How Well Do We Know δ13C of Atmospheric CO2? Estimates of Uncertainty, Inter-Laboratory Comparisons, and Calibrations to Carbonate Primary Standards
S. Michel1, B. Vaughn1, J. White1, A. Steiker1 and K. Masarie2
1Institute of Arctic and Alpine Research (INSTAAR), University of Colorado, Boulder, CO 80309; 303-492-5495, E-mail: email@example.com
2NOAA Earth System Research Laboratory, Boulder, CO 80305
Measurements of stable isotopes of carbon dioxide are very useful for partitioning fluxes of CO2 between the terrestrial biosphere and oceans. However, in models that determine these fluxes, small changes in isotopic values have large effects. Therefore the utility of the models depends on robust quality assurance/quality control (QAQC) of isotopic data. Measurement uncertainty must be reduced as much as possible, a normal criterion for isotopic measurements. In addition, a consistent scale, traceable over decades, must be established and maintained. This is a task that is not commonly addressed by the isotopic community. The Stable Isotope Lab at University of Colorado/INSTAAR has been measuring isotope of CO2 from the NOAA Carbon Cycle Group’s Cooperative Global Air Sampling Network since 1990. Here we present results of ongoing QAQC, including evidence to show the consistency of our scale over time. We also present a method for dynamic calculation of the uncertainty of our flask measurements, reflecting instrument performance and yielding varying uncertainties over time.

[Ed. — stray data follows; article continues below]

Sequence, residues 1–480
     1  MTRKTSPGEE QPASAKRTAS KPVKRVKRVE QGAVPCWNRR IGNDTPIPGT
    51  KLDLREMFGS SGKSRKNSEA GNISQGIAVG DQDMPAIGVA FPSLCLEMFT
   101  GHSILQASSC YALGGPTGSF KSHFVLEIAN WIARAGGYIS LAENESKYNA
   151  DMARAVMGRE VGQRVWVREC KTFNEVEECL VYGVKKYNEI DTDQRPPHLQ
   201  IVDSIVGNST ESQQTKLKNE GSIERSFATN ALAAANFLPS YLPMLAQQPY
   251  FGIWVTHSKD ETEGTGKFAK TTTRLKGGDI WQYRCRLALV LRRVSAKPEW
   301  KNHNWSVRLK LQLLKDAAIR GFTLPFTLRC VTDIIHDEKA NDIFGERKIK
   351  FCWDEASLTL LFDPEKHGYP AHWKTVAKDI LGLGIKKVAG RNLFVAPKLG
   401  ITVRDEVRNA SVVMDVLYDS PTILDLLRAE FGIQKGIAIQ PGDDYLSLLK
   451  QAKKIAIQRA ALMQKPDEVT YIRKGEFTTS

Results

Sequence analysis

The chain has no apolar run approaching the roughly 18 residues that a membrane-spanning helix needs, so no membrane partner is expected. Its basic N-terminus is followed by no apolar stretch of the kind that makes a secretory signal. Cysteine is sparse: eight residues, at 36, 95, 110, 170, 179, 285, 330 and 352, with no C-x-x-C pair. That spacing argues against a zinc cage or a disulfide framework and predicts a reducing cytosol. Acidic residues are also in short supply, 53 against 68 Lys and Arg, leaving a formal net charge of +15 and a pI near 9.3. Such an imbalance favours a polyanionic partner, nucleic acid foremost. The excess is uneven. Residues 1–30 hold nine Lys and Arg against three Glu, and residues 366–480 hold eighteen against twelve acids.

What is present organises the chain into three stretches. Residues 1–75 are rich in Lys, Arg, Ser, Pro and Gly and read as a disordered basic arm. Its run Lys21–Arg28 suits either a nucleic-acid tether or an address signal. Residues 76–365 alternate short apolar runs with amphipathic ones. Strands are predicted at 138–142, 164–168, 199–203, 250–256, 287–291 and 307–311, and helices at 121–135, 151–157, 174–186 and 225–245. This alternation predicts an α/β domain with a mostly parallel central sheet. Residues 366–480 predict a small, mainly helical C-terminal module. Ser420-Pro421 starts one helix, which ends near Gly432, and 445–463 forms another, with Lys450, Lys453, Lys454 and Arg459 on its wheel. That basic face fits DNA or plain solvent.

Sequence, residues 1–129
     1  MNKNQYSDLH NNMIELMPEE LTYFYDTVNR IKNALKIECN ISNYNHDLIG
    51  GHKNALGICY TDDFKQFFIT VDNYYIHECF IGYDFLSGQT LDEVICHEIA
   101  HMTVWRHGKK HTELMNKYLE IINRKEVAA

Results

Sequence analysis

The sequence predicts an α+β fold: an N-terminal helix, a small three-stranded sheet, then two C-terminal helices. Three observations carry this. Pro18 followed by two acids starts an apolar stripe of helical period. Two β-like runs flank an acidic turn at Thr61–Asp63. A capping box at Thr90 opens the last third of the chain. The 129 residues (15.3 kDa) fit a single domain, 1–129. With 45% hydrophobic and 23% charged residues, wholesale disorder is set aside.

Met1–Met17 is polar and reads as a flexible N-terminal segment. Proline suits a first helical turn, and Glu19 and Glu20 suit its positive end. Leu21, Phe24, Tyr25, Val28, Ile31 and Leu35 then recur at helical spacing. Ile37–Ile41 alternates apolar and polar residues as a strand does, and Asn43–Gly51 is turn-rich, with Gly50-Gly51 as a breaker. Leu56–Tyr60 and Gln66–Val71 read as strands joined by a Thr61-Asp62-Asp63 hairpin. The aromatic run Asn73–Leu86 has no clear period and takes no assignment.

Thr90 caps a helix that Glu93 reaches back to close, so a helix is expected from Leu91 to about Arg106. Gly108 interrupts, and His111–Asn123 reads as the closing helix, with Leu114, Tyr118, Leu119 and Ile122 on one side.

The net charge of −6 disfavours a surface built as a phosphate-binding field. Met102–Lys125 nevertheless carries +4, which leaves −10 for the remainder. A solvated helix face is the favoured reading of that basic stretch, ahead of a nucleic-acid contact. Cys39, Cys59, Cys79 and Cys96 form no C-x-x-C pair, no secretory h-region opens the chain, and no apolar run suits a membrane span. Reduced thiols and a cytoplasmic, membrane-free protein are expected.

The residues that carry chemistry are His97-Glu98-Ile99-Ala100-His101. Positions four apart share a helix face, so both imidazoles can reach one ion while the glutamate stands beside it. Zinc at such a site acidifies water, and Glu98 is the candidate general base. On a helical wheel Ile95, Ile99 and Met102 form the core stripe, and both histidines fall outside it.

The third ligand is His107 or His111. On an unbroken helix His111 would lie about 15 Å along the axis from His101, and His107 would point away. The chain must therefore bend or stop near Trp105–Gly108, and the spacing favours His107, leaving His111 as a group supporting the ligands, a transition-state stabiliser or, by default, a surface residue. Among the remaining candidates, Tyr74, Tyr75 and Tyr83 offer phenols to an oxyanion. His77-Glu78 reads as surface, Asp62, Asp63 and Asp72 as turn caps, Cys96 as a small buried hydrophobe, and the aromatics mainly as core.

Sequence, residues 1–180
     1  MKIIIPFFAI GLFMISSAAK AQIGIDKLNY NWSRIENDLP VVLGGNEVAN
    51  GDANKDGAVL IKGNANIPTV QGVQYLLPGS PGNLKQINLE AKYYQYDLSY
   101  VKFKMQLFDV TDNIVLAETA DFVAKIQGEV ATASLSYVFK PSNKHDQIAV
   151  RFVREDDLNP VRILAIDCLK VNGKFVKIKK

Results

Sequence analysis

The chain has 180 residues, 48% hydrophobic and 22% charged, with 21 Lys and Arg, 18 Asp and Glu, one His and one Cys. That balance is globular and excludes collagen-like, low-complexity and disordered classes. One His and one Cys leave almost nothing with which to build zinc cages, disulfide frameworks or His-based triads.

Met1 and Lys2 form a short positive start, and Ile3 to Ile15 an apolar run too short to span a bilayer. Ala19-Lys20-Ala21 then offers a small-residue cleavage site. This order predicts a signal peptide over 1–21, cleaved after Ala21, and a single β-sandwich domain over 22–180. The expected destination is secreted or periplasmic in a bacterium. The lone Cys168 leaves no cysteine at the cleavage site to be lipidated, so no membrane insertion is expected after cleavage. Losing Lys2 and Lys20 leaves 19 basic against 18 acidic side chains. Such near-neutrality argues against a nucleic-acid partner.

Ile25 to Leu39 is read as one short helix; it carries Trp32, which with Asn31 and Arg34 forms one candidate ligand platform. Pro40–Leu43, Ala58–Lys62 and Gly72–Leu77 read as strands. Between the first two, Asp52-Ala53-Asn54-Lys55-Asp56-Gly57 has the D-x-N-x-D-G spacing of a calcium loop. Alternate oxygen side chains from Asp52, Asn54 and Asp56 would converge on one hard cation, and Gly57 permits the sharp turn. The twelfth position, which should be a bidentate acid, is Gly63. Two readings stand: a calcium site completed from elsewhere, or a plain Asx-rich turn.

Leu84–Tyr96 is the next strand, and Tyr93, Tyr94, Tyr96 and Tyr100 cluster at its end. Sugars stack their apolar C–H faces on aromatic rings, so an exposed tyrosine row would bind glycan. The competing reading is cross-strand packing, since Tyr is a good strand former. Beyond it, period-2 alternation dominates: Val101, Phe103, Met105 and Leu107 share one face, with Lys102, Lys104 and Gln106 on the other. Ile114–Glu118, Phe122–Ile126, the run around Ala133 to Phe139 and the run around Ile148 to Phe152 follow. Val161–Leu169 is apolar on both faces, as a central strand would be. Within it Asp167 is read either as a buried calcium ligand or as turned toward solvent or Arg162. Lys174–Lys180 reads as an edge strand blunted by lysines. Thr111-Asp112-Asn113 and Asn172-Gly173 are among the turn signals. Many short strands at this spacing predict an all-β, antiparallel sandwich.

Comparison experiments with other stable isotope laboratories suggest that our δ13C scale is offset by approximately 0.03 per mil. Overall there is far less agreement in δ18O scales. Much of the discrepancy between laboratories is due to the inadequate calibration of CO2-in-air to carbonates, the international primary standards. We have designated a mass spectrometer for calibrations, and its customized extraction system enables direct comparison of CO2-in-air standards to CO2 evolved in situ from carbonates and CO2 equilibrations with water. Here we present results which prove the capability of the combined extraction systems to compare CO2 from different sources. This new capability should enable us to resolve our offsets.